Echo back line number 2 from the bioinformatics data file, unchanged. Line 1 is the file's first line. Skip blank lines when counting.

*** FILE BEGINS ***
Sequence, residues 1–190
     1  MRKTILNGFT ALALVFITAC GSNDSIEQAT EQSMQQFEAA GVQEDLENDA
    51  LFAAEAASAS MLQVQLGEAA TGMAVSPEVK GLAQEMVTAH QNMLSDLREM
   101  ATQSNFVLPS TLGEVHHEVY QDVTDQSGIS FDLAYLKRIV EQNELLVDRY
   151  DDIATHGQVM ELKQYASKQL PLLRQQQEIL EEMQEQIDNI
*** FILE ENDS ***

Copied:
     1  MRKTILNGFT ALALVFITAC GSNDSIEQAT EQSMQQFEAA GVQEDLENDA